She Called Me Mother: interview with actor Chereen Buckley
05 Feb 2017
During particularly tumultuous periods of social and political discord, many find solace in theatre. It becomes a source of comfort, providing uniquely nuanced and entertaining ways of viewing the issues of the day-to-day. The poetic play She Called Me Mother by Michelle Inniss and directed by Cara Nolan offers exactly this, and from 7-11 February, Tara Theatre, with Pitch Lake Productions for Black Theatre Live, will be its home.
Exploring issues of being a first and second generation immigrant, the adjoining generational split, and homelessness, the production follows the strained relationship between an elderly Trinidadian-born mother and her daughter living in England. In between rehearsals, gal-dem caught up with actor Chereen Buckley, who takes the role of distant daughter Shirley, to talk cultural upbringings and mother/daughter relationships.
“It’s a play that deals with so many female issues: wanting independence, oppression, race, gender, all of the kind of stereotypes put in one, and because the two age groups are more or less generally covered by the mother and the daughter, you also see the two sides to the story. The generational split”, says Chereen. “I would never say it was a play for just black women or Caribbean women but there’s a specific representation there for upbringings from minorities, and the different upbringings between the mother and daughter.” Though the play primarily focuses on Evangeline, an elderly Caribbean homeless woman played by BAFTA and Golden Globe-nominated actress Cathy Tyson, Chereen believes that the narrative is one that doesn’t necessarily require an Afro-Caribbean heritage for it to resonate with you. “I think especially now, with different cultures living on top of each other, you don’t have to be from it to recognise it, live it, or identify with it in some way.”
This statement in particular rang true for me and was evident throughout my conversation with the established actress; despite having spoken to her for just ten minutes at this point, we find ourselves laughing over our shared experiences of being told to speak when spoken to or, when in school, the shock of listening to how other children would speak to their parents (and having too much common sense to try and emulate those tones with our own). But amongst the laughs, Chereen touches on something that many of us, her character Shirley included, grapples with at length; “You have the discipline, the rites of passage, the obligations to family, the obligations to the way that you speak to your elders, but also the fight for your own voice and independence”, Chereen notes. “You find that thing when you grow and realise, actually, my parents don’t always get it right and then it’s a question of how do you broach that subject while still being respectful to your parents but trying to have that conversation as a grown woman?”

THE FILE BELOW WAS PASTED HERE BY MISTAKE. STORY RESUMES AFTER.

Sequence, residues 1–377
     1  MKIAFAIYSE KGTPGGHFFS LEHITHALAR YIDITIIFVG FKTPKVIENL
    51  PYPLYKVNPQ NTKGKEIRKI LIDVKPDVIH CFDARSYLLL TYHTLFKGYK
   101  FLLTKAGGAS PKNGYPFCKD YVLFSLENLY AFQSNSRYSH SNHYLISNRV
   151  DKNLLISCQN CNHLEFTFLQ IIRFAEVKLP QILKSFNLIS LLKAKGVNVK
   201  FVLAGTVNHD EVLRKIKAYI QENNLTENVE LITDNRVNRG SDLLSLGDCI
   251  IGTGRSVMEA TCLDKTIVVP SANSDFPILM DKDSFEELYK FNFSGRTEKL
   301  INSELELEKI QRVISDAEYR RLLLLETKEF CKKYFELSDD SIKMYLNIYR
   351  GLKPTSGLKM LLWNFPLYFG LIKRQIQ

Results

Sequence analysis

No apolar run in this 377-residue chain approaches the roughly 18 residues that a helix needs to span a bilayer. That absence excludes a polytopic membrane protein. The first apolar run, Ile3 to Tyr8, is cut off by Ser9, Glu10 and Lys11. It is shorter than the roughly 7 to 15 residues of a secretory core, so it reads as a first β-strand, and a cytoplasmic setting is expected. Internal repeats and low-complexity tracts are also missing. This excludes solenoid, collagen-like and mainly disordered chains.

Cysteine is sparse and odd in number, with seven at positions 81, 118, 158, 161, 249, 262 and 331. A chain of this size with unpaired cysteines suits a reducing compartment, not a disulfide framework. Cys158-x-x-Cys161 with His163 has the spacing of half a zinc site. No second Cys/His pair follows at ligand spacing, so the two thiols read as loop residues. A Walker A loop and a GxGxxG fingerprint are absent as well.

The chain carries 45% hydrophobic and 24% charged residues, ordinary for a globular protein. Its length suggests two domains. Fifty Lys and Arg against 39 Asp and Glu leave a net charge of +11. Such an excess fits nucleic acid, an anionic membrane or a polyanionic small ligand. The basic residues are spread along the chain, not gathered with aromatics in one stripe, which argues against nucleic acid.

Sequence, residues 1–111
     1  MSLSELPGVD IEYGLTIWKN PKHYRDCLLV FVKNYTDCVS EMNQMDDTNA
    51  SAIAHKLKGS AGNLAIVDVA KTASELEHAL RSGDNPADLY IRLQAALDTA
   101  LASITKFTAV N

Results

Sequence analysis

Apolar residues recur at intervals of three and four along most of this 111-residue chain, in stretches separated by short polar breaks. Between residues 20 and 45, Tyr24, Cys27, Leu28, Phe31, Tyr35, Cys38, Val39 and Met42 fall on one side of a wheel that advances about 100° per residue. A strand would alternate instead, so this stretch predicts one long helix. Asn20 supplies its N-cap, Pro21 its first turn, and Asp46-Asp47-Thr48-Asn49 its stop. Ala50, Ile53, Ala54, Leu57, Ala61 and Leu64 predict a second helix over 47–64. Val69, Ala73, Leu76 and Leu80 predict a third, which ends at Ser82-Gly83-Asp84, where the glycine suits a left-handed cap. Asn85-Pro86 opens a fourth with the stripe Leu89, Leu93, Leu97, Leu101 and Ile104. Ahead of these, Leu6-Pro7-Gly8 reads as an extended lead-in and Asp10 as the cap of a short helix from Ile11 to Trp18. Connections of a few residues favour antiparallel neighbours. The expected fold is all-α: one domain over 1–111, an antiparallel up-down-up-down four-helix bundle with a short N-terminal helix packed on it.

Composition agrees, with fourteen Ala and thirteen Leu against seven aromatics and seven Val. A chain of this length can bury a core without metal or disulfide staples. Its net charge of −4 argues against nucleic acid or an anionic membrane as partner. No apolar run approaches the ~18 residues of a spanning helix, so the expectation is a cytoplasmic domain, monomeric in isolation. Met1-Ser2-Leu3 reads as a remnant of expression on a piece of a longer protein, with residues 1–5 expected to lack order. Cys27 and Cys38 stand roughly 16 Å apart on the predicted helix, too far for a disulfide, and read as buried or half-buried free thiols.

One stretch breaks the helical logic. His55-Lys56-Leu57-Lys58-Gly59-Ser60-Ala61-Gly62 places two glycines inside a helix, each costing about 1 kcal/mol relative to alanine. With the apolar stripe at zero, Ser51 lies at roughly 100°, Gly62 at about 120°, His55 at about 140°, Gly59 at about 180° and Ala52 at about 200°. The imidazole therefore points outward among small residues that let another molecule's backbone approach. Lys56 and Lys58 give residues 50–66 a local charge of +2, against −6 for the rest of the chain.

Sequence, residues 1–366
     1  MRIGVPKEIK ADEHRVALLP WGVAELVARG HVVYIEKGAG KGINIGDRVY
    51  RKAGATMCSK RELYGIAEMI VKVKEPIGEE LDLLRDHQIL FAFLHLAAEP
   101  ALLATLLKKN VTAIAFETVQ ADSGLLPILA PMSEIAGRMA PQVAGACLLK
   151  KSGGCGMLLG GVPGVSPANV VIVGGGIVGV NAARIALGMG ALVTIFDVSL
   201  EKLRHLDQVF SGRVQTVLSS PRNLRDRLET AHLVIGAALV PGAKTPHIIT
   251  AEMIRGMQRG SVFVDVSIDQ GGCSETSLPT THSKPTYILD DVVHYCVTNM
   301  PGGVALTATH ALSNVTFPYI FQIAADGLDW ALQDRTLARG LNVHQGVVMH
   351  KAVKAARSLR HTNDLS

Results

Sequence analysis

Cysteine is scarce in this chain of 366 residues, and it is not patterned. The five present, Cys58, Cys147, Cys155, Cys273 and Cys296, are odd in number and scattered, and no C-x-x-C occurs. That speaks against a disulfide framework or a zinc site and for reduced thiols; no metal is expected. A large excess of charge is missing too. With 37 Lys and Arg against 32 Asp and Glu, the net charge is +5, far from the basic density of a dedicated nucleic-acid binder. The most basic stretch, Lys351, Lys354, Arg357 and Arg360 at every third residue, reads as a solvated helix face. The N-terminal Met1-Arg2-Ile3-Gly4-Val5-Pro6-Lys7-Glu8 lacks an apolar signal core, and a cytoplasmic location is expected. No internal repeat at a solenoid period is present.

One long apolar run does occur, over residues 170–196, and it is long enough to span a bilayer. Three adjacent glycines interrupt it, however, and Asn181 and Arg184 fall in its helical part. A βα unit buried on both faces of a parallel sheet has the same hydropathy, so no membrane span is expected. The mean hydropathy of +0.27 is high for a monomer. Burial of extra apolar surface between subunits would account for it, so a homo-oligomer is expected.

A play boldly highlighting the tangled interplay between identity, generational gaps, and being a child of the diaspora highlights the importance of a production company like Pitch Lake Production. The East Midlands based touring theatre company was founded by three women – Cathy Nolan, Michelle Inniss and Cara Nolan, two being women of colour – and was “formed to address the lack of leading roles in British Theatre for BAME actors”, creating work which centres BAME characters. For Chereen, this is utterly crucial. “I think a piece was published maybe two or three years ago where theatres were named and shamed as to how many female directors they had, how many female writers, how many female producers, let alone actors and let alone of colour, and the numbers by comparison in this day and age are completely laughable.”
Women of colour have powerful, rich and diverse histories and experiences but how are they meant to tell their stories with the crippling lack of representation among the people who mould the narrative? Whilst we are still fighting for representation in all areas and levels of the art world, which can at times feel bleak and relentless, She Called Me Mother offers a peek at a future, one where women of colour get to tell their stories through actresses of colour, sending audience members a message in the most basic and visceral way: us and our experiences are not invisible.